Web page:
Opinion Peace/ Op-Ed/ Guest Essay: “A State of Emergency for Democracy” by Hillary Rodham Clinton and Dan Schwerin
News Analysis: Is bitcoin the solution to the Russian-Ukraine war?
Useful facts about the Russia/Ukraine war to help you start factual debates
- Vladimir Putin became president of Russia in 2012. He can still run for the Russian presidency for two more terms that will end in 2036 when he is 84 years old. He signed a law in April last year that altered the Russian constitution, giving him six years per term. He is currently in his fourth term, which will end in 2024.
- Volodymyr Zelenskyy is a 44-year-old former actor who, in 2019, was elected to be Ukraine’s president after he won the presidential election.
- Russia is the biggest country in the world by landmass.
- Ukraine is the 46 largest country globally by landmass but the second largest in Europe.
- Russia supplies 40 per cent of Europe’s gas. But under Vladimir Putin, the Russian economy is not even in the top 10 of the world’s largest.
- The minimum wage in Russia is below 100 dollars a month. A staggering 90 dollars.
- The average Russian earns 609.11 dollars per month.
- A 2017 report said that Putin’s net worth was 200 billion dollars.
- On April 1, 2014, NATO unanimously decided to suspend all practical co-operation with the Russian Federation in response to the Annexation of Crimea. Still, the NATO-Russia Council (NRC) was not suspended.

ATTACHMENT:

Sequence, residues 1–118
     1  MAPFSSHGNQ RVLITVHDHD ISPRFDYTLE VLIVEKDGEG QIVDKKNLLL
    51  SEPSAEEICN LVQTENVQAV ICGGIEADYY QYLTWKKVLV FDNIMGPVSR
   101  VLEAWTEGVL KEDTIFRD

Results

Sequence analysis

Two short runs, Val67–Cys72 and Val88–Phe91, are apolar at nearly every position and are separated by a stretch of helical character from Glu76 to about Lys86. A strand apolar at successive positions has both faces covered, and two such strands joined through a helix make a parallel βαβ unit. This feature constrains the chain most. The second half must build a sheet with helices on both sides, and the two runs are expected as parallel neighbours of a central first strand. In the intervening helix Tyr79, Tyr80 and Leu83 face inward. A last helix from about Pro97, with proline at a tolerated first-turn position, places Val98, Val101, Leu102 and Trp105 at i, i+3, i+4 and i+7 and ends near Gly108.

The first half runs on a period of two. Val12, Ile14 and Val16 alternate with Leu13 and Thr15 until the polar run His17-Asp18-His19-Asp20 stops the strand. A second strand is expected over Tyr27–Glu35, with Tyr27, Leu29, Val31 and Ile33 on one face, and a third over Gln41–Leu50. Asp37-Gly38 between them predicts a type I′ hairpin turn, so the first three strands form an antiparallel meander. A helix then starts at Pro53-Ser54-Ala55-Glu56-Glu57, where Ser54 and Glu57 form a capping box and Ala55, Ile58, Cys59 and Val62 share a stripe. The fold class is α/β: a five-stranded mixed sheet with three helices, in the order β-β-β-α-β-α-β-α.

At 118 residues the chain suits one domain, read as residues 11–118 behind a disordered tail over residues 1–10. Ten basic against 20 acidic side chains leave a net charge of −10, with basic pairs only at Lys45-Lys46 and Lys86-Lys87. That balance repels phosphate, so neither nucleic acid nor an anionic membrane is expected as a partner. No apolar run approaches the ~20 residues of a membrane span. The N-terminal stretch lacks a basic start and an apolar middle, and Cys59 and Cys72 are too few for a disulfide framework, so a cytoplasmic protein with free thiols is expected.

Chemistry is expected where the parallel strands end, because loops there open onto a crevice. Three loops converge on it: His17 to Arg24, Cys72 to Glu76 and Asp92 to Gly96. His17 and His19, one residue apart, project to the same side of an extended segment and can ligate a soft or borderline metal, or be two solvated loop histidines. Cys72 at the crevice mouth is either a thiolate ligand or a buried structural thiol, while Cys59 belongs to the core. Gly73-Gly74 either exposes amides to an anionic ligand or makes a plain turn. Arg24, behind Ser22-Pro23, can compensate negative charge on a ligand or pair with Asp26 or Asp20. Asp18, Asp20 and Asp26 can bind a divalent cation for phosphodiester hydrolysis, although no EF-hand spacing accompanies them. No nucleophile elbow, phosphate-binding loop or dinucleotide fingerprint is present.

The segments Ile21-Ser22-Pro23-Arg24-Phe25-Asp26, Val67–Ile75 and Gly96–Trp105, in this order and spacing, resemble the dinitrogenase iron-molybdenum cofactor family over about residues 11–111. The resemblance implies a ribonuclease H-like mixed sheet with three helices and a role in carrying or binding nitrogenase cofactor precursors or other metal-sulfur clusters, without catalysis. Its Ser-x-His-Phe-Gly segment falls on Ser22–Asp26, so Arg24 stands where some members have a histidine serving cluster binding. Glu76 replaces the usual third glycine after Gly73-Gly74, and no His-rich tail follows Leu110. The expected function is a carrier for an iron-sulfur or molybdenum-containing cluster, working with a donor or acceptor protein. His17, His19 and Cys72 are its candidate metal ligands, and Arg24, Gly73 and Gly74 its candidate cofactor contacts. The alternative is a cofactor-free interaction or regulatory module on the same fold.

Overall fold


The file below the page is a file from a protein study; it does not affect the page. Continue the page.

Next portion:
- In February and March 2014, Russia invaded and subsequently annexed the Crimean Peninsula from Ukraine.
- Nato is an alliance of the North Atlantic Treaty Organisation, also called the North Atlantic Alliance. It is an intergovernmental military alliance between 28 European countries and 2 North American countries. Established in the aftermath of World War II, the organisation implements the North Atlantic Treaty signed on April 4, 1949.
- As an independent country, Ukraine has the right to join whatever intergovernmental body it desires, including the European Union and NATO.
Now, you probably will have no reason to not let the other person speak during conversations. As a bonus, listen to this debate about America’s history of invasion leading to the Russia/Ukraine war between Bret Stephens, a columnist at the New York Times and Matt Taibbi of Rolling Stones magazine.
If you don’t do it like this, it’s probably because what you’re saying is a conspiracy theory.